Unravelling the GBA Standard Contract: Cross border data transfer between Hong Kong and the GBA cities in Mainland China

  • Étude de marché 23 février 2024 23 février 2024
  • Asie-Pacifique

  • Protection des données et de la vie privée

The Cyberspace Administration of China (“CAC”) and the Innovation, Technology & Industry Bureau of Hong Kong (“ITIB”) jointly released the Standard Contract for Cross-boundary Flow of Personal Information Within the Guangdong-Hong Kong-Macao Greater Bay Area (Mainland, Hong Kong) (the “GBA SC”) together with its implementing guidelines [1] (the “Guidelines”) on 10 December 2023. The GBA SC enables the transfer of personal information between the nine cities in the Greater Bay Area in China (“GBA”) and the Hong Kong Special Administration Region (“Hong Kong”) using GBA SC, a useful mechanism for companies to ensure the free flow of personal information.

To transfer personal information across borders using the GBA SC, the following conditions must be met:

  • the personal information subject/data subject[2] must have been informed or have consented to the transfer; and
  • there can be no further transfer to outside the GBA.

Personal information processors[3] and recipients must also be registered in one of the Mainland China cities within the GBA.

We set out below the 10 key things you need to know about the GBA SC:

  1. When do companies need to start using the GBA SC: 

    The GBA SC takes effect from 10 December 2023. Any cross-border transfer of personal information can only be carried out when the signed GBA SC takes effect if the GBA SC is to be relied upon as a compliance mechanism for data outbound transfers.
  2. Can we alter the terms under the GBA SC:

    Under Article 6 of the Guidelines, the GBA SC must be adopted in strict accordance with the annexes to the Guidelines. The parties to the GBA SC may include additional terms and conditions provided that the terms do not conflict with the main terms in the GBA SC.

    A supplemental agreement or a new standard contract is necessary if the processing of personal information exceeds the agreed purposes of processing, means of processing and the categories of personal information processed.
  3. Territorial scope:

    The parties can enter into the GBA SC to conduct cross-border flow of personal information between the nine cities in the GBA (namely Guangzhou, Shenzhen, Zhuhai, Foshan, Huizhou, Dongguan, Zhongshan, Jiangmen and Zhaoqing in Guangdong Province) and Hong Kong.
  4. Types of personal information:

    All types of personal information can be transferred across borders between the Mainland and Hong Kong in the GBA, except for ‘important data’ that has been notified by relevant Chinese authorities, regions or being publicly released as important data. The Guidelines did not define what constitutes ‘important data’[4], in practice, this suggests that personal information can flow freely unless otherwise notified or publicly released by the authorities.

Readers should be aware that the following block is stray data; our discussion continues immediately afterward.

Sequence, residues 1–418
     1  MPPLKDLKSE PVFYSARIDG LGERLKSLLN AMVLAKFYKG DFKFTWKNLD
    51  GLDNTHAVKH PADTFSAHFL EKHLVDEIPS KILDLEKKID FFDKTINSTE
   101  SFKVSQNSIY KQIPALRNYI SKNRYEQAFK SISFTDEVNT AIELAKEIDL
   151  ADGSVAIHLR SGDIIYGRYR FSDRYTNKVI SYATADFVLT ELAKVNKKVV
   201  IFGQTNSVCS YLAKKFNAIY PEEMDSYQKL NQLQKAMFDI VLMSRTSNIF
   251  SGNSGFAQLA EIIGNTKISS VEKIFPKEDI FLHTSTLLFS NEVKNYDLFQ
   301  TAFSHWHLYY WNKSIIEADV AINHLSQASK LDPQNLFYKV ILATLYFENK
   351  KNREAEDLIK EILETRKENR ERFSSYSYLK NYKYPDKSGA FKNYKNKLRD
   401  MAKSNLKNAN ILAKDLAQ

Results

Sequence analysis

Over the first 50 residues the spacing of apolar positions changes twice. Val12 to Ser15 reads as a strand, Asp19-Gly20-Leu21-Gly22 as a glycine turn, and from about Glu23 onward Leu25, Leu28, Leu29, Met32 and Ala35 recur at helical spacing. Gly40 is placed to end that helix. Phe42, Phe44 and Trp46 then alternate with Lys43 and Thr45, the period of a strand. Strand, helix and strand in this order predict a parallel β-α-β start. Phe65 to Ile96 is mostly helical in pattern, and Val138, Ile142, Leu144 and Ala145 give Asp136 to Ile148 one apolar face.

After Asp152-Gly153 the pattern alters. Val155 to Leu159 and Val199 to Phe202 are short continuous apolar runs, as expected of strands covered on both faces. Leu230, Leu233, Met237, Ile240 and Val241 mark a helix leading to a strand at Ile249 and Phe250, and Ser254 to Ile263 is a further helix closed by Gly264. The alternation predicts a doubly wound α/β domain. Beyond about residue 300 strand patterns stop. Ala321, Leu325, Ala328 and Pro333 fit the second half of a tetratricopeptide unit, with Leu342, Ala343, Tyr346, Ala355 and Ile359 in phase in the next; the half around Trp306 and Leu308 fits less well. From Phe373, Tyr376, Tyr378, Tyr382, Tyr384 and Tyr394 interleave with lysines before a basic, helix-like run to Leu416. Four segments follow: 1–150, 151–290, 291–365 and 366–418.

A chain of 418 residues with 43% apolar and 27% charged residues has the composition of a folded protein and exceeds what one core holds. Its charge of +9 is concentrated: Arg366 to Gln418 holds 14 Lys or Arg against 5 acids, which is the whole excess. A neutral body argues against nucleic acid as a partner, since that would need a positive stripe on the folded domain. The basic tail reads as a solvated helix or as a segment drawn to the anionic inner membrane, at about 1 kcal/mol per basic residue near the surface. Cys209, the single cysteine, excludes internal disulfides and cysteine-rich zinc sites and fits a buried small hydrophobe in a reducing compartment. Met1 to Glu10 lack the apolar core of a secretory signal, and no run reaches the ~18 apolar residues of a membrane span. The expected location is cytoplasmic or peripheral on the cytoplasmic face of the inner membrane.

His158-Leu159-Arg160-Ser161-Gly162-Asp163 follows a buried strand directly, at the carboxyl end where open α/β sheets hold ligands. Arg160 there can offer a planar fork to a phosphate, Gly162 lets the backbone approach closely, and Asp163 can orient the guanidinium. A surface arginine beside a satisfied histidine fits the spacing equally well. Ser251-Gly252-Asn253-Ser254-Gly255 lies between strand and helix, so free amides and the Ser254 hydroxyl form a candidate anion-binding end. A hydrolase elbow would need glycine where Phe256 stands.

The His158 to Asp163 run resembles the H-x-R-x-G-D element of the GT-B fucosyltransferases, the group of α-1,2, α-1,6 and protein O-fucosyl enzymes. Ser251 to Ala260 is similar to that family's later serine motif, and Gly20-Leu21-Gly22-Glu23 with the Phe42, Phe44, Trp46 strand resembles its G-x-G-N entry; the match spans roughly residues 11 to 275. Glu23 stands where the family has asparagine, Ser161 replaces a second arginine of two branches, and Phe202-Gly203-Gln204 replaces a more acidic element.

5. Any limit on the volume of data to be transferred:

    The Guidelines is silent on the volume of personal information that can be transferred between the nine GBA cities and Hong Kong.

    This is different from the position under the Measures for Security Assessment for Data Outbound Transfers in China, where conditions for mandatory security assessments may be triggered if there are transfers of large volumes of personal information.

    This seems to suggest that personal information processors in the GBA will not be subject to these requirements when using the GBA SC.

  6. Any onward transfer restrictions on personal information:

    Onward transfer of personal information to outside the GBA is not allowed.

    For general onward transfers to third parties in Mainland cities within the GBA and Hong Kong, the requirements are more relaxed when compared to the Standard Contract for the Outbound Transfer of Personal Information issued by the CAC ("PRC nationwide SC”).

    Personal information may be transferred to third parties in the Mainland cities within the GBA or Hong Kong by the recipient if:

    (a)  there is a business need for the transfer;
    the personal information subject has been informed of such onward transfer with relevant details provided;
    (c)  consent has been obtained from the personal information subject in accordance with the laws and regulations of the jurisdiction of personal information processor;
    (d)  personal information is provided to the third party in accordance with the terms set out in the GBA SC “Description of cross-boundary transfer of personal information”.

    Restrictions from the PRC nationwide SC, such as requiring a data processing agreement with the recipient of the onward transfer under terms and conditions that are no less stringent than the data protection standard in the PRC nationwide SC, and providing that agreement to the personal information subject upon request, has been removed in the GBA SC. However, there are still some requirements that are kept in the GBA SC on, for example the data importer being required to inform the personal information subject of the name and contact information of the third party, purpose of handling and retention period of their personal information.
  7. Personal information protection impact assessment requirement:

    The personal information processor is required to carry out a personal information protection impact assessment (“PIPIA”). The following is what is considered in the assessment:

    -  the legality, legitimacy and necessity of the purposes and means of processing personal information by the personal information processor and recipient;